Russia faces greater threat from Greta Thunberg than western sanctions, economist suggests

Reducing Europe’s dependency on Russian fossil fuels, as the environmentalist has suggested, is more powerful than financial sanctions, experts claim

Anna Isaac
Friday 25 February 2022 17:22
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<p>Climate activist Greta Thunberg has called on governments to cut their dependency on fossil fuels, a step more troubling for energy exporter Russia than existing western sanctions, economists said</p>

Climate activist Greta Thunberg has called on governments to cut their dependency on fossil fuels, a step more troubling for energy exporter Russia than existing western sanctions, economists said

Economists have poured scorn on western efforts to hit Russia’s economy in response to its bloody invasion of Ukraine.

A slew of measures have been announced by the US and UK against Russian banks and companies, limiting their access to financial markets. The EU is still debating what measures it will impose, but political statements thus far suggest these will stop short of cutting its dependency on Russia’s cash-generating energy sector.

The Russian economy will still face a significant long-term hit from financial measures, but it will not necessarily be enough to trigger a recession or slash at the country’s asset prices in the near future, economists told The Independent.

Russia’s role as a commodities powerhouse amid high demand for natural gas and oil means that the pain of financial sanctions is partly offset by strong energy prices.

Greta Thunberg might be more effective than any western sanctions,” said Charlie Robertson, chief economist at Renaissance Capital. European governments have made little progress in weaning themselves off Russian energy imports in recent years, he said.

Russia still accounts for about a third of Europe’s natural gas imports. This is despite warnings from a range of economists about the political risks associated with this energy need in the wake of the annexation of Crimea, part of Ukrainian territory, in 2014. Environmental campaigners such as Ms Thunberg have done more to push politicians away from fossil fuels than Russian threats to democracy so far, the economist added.

Early indications are that the suite of measures so far announced could knock as much as 2 per cent off Russian GDP this year. However, that would still leave it in growth territory, with a 1 per cent increase in its economic output, according to Mr Robertson.

This infographic, created for The Independent by Statista, shows the countries least and most dependent on Russian natural gas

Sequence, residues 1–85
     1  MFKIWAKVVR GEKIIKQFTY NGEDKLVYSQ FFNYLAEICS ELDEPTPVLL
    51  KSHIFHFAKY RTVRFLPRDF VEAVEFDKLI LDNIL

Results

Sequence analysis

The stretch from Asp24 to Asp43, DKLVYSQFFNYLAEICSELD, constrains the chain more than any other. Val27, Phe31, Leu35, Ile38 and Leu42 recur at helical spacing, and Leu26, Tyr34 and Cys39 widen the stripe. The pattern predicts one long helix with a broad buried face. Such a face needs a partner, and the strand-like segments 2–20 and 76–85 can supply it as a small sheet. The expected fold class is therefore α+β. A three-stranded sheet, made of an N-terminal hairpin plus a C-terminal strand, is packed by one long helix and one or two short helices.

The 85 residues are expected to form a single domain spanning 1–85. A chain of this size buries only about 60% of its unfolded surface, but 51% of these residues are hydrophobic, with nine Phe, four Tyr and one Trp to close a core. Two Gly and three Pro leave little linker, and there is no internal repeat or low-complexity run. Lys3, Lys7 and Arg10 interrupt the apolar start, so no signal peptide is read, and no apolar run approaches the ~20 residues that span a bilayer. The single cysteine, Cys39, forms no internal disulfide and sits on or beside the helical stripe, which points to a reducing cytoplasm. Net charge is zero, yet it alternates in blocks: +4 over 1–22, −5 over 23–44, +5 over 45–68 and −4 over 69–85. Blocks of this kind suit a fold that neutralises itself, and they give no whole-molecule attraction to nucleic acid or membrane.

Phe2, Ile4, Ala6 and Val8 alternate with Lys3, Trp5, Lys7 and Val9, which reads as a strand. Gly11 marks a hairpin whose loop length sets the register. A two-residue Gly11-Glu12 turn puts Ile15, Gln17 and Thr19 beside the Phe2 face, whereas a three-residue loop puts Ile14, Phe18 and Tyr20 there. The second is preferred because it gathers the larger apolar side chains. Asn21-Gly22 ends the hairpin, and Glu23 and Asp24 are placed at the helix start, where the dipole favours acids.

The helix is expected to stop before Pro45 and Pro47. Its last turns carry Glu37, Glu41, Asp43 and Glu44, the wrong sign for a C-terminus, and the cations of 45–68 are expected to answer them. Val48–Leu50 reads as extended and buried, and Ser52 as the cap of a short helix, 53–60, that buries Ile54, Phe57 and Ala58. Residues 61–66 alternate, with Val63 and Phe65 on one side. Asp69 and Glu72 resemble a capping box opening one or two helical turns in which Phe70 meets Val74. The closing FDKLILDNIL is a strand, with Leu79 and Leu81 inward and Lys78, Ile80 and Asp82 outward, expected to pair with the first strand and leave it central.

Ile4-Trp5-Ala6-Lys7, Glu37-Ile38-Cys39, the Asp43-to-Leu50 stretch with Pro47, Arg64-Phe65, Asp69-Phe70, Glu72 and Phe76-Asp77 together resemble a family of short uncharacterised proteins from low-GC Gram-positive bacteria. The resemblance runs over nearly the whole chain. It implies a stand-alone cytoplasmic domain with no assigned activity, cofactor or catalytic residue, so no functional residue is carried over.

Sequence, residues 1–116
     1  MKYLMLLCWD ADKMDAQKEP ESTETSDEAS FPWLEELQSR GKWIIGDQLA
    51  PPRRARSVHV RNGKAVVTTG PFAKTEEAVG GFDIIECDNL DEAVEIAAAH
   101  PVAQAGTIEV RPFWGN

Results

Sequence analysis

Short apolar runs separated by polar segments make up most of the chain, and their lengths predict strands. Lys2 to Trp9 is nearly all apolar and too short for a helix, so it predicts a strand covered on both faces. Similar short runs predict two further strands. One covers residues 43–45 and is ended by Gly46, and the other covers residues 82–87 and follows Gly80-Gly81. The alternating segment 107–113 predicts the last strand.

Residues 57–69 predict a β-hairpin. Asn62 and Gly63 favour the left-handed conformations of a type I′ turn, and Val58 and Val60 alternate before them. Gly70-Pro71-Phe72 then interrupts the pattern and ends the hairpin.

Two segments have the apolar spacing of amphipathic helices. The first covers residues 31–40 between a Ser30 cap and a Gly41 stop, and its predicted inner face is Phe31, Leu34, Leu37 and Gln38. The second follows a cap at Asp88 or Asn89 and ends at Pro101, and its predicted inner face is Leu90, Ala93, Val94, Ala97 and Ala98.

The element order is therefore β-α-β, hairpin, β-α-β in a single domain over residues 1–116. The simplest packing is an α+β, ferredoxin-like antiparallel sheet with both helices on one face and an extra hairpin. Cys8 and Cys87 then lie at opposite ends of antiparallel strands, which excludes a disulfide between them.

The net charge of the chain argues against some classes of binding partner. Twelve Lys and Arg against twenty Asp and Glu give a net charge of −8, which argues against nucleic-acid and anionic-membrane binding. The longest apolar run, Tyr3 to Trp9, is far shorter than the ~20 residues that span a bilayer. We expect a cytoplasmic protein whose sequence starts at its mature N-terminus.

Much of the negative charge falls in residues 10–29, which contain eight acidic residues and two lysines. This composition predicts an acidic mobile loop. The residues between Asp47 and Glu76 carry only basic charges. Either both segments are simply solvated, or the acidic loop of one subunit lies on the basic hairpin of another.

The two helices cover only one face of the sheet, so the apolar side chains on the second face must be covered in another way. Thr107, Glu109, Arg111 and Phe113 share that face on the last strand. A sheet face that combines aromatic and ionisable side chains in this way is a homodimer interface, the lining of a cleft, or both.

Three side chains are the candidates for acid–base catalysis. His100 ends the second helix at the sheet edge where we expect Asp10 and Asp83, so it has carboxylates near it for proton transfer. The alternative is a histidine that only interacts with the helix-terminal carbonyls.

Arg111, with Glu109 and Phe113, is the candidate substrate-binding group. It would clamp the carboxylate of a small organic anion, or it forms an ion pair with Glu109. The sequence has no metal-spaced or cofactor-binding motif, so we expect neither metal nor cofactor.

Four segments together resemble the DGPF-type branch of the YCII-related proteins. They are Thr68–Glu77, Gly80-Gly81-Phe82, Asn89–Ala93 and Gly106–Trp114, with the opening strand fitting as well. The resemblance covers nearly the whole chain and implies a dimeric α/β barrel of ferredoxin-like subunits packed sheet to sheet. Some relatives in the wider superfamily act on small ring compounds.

“What can Europe do now about its energy dependency? If they’d done what we’d said in 2014, Russia wouldn’t have the strength it has today. If Germany had reconsidered its approach to nuclear power, for instance,” Mr Robertson said. “Russia’s making billions. Every time people in Europe turn on their heating, Russia’s making money.”

Energy imports are not the only area in which western powers have fallen short in their economic defence of Ukraine and Europe, economists suggested.

“This is supposed to be the biggest threat to European security since the Second World War,” said Timothy Ash, an economist covering emerging markets at BlueBay Asset Management.

In the face of such a serious danger, Germany’s and Italy’s opposition to blocking Russia’s use of the interbank payment system, Swift, was “pretty disgraceful”, he added. Even if some economic sanctions will have longer-term consequences for Russia’s political leadership, he said.

The failure to block Russia from Swift has been condemned by Ukrainian politicians.

Governments face a balancing act between domestic economic hurt and punishing Russian aggression. While Russia has created an alternative to the Swift messaging system, some western banks would be unlikely to want to use it. But it cuts both ways in terms of its economic significance, particularly for high volumes of transactions related to energy – something that Germany and Italy would be more exposed to than some other western countries.

Disrupting transactions related to the energy market could in and of itself drive up oil and gas prices, which some reports suggest is a sensitive issue in the US too, where consumers are very dependent on petrol-fuelled cars.

The Russian assault mapped

“This isn’t shut off, this is restricted access,” said Tomas Hirst, credit strategist at CreditSights. “As far as we can see the measures that have been announced show incremental tightening that falls well short of the rhetoric on how aggressive this round of sanctions was going to be.”

With Russia benefitting from such high energy prices for its exports its companies and government will not struggle for funds or a source of US dollars and sterling. Only at a time of lower oil prices would the steps taken by the US and the UK make for more significant economic harm.

For now, allowing Russian gas and oil to flow into Europe will prevent sanctions biting more deeply into the Kremlin’s ability to build the economy.

However, that may not prove a sustainable position for western governments, economists said.

“As more and more Ukrainian civilians die, the pressure on the west is going to increase. It’s not going to stop the invasion. It’s not going to change Putin’s behaviour, but it is going to be about the reaction to public opinion,” said Mr Robertson of Renaissance Capital.

Thirty years of independence in Ukraine will make it a difficult country for Russia to dominate in the long term, even if it manages to achieve some manner of military victory, said Mr Ash.

The nature of that oppression may demand further action from Ukraine’s neighbours and allies, he said. “As always in these conflicts, the military conflict is easier. It’s the peace that’s difficult.”

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